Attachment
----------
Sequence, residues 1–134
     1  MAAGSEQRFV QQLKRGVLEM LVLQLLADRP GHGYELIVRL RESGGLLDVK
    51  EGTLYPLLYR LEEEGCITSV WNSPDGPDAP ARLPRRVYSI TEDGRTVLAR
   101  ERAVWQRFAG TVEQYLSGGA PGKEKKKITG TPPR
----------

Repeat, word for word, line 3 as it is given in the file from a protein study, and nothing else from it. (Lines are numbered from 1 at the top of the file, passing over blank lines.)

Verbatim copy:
    51  EGTLYPLLYR LEEEGCITSV WNSPDGPDAP ARLPRRVYSI TEDGRTVLAR